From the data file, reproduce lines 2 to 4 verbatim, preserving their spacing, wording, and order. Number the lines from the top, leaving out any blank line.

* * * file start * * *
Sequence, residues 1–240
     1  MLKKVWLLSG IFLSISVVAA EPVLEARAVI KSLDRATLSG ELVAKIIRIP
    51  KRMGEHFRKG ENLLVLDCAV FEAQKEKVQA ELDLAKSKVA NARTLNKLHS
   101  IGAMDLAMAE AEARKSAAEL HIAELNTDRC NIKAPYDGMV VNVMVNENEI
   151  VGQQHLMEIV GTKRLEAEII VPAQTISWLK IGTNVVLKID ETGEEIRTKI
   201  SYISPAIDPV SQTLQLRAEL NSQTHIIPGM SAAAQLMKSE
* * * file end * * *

     1  MLKKVWLLSG IFLSISVVAA EPVLEARAVI KSLDRATLSG ELVAKIIRIP
    51  KRMGEHFRKG ENLLVLDCAV FEAQKEKVQA ELDLAKSKVA NARTLNKLHS
   101  IGAMDLAMAE AEARKSAAEL HIAELNTDRC NIKAPYDGMV VNVMVNENEI